When we launched Resource Travel, I talked about how my love for travel wasn’t instilled in me until the age of 27, when I finally obtained a passport and took my first international trip. I was hooked, but being a rookie photographer and an unexperienced traveler, I didn’t really know what to do next. I bounced around Europe for a while but partied more than I photographed or appreciated the local culture and history. I was missing something meaningful. I wasn’t getting the real experiences that I suddenly was longing for in my travels.
That all changed four years ago when I took a trip to Peru that would forever change my direction in life, my career, and my internal happiness. My friend Colby Brown had recently founded a company called The Giving Lens, whose mission was to bring aspiring and professional photographers alike to international locations. On the ground, the trips would hold two goals. One was a workshop angle, where the team leaders would help the team members improve their photography skills in a fast moving, real world experience. The second goal was what set The Giving Lens apart from traditional travel photography workshops. The team would work with a local organization helping to improve the communities from within. Today, the majority of our trips consist of bringing donated cameras and teaching local children how to express themselves through the art of photography. It goes far, far deeper than that and I wrote more about the experiences and the emotional impact it has had on me over the years.
Over the years as the Senior Trip Leader for The Giving Lens, I have travelled with teams to Nicaragua, Peru, Jordan, Cambodia, Thailand, India, Tanzania and just earlier this year, we led our first trip to Cuba. As people who know me can tell you, I am very passionate about travel, photography, and my role here at Resource Travel. But there is no aspect of my life and career that I am more passionate about or more proud of then my work with The Giving Lens. Nothing.
When returning over the years, I have seen first-hand the impact that our work has on the organizations that we work with, like Empowerment International in Nicaragua. I have seen countless TGL team members return time and time again to experience this rewarding work in a new location, or sometimes even the same location. We have four of our Nicaragua 2015 team members returning with us this July!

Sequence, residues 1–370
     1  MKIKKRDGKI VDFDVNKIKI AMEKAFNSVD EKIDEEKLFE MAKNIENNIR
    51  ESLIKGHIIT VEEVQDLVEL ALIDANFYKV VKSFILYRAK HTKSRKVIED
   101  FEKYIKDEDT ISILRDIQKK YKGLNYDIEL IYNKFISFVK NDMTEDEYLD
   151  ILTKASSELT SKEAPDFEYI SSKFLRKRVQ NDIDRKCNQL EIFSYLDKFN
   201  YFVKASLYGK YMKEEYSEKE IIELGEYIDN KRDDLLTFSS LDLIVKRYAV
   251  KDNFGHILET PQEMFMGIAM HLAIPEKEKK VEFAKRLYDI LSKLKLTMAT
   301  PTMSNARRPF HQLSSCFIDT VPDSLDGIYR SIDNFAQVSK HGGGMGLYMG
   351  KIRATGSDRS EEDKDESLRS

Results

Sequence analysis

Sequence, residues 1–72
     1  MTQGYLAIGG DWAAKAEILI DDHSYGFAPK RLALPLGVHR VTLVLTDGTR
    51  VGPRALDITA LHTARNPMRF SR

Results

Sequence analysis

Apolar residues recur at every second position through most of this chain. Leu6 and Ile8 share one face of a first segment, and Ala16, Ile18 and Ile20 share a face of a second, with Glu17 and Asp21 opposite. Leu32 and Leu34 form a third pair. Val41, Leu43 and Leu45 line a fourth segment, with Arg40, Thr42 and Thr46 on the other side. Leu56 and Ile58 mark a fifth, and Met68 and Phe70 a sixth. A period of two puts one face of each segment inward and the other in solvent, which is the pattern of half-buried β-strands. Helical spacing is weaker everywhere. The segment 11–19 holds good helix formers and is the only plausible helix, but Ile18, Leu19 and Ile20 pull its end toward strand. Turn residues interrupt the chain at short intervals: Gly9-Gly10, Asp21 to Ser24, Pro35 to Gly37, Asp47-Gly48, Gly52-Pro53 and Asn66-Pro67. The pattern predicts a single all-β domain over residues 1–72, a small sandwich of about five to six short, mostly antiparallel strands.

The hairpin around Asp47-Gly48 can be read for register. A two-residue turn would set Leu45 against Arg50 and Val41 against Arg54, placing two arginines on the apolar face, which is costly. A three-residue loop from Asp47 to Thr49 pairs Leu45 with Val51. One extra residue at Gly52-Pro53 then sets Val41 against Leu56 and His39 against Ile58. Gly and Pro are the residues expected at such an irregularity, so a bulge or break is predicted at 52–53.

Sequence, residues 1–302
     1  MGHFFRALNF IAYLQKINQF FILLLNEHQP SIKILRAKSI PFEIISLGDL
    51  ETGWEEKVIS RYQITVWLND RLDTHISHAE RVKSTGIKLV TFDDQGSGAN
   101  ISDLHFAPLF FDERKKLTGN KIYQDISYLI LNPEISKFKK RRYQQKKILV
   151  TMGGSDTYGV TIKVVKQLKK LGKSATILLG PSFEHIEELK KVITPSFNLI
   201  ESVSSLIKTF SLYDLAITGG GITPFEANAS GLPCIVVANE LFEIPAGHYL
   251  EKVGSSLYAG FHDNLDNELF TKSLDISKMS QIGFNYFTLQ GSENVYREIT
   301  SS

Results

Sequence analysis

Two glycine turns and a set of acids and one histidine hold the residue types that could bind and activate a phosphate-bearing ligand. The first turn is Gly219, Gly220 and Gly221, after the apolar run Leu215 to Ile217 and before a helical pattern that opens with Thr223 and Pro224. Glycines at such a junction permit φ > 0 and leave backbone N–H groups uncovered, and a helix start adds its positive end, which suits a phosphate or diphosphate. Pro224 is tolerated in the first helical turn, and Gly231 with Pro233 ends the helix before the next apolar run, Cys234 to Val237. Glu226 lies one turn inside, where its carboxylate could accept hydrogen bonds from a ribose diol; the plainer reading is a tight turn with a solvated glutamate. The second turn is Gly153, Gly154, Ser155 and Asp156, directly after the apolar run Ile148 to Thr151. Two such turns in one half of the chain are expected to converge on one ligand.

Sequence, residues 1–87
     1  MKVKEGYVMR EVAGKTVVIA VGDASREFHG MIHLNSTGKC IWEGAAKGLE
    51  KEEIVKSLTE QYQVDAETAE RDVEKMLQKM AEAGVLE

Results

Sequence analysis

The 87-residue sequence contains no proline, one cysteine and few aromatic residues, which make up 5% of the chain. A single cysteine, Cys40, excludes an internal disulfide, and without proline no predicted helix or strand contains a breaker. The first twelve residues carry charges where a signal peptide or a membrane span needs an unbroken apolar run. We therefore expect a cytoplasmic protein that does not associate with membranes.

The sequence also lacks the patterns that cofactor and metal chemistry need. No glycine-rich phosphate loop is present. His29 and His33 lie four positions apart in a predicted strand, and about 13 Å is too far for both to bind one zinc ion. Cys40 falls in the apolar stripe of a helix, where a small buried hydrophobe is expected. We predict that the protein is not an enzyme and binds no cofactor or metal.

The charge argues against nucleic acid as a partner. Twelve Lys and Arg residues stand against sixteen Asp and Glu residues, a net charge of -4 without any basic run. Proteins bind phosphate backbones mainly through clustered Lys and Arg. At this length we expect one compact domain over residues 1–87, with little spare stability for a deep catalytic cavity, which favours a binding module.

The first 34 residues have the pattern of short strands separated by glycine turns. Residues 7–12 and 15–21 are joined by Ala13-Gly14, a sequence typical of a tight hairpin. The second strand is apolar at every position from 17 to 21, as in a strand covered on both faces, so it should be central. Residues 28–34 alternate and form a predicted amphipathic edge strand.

Anyway, it occurred to me, after years of seeing the incredible photographs taken by our team members during our adventures, I should help tell our story through the photographs, and hopefully, it will inspire others to live the experience that would change who I would become and help me discover my true passions.
I am starting with Tanzania, which truly is a perfect mix of adventure and giving back. While not working with the smiling children of Excel Education Foundation and visiting schools in Moshi, the TGL team can be found photographing Lions, Cheetahs, Elephants, Zebras, leopards and the countless other species of wildlife we find both in the Serengeti National Park and Ngorongoro Crater.
Take a look at this impressive collection of photos from past TGL Tanzania team members and see why Tanzania should be on everyone’s bucket list, whether with The Giving Lens or not. It is an adventure not to be missed. I have included some of my photos in here as well as Kate Siobhan Mulligan’s, who is truly the backbone behind TGL. In addition to leading trips, Kate does almost all of the organizing and planning of the trips behind the scenes. There really would be no The Giving Lens without Kate. And I wouldn’t have found my passion in life, my career, and my love for travel and photography without The Giving Lens.
Thank you to The Giving Lens team members who contributed photos. Give them a follow. There are amazing photographers. Pat Corlin; Anita Bonnarens; Sébastien Beun; Joseph Epperson; Andreas Sigrist; Catherine Etherton; Donald Sudy; Jacqueline M. Koh; Patt Dickson; Swetha Ramachandran; Meagan Corlin Brogan.
If traveling to Tanzania, we can’t recommend local guide Godlove Urassa enough!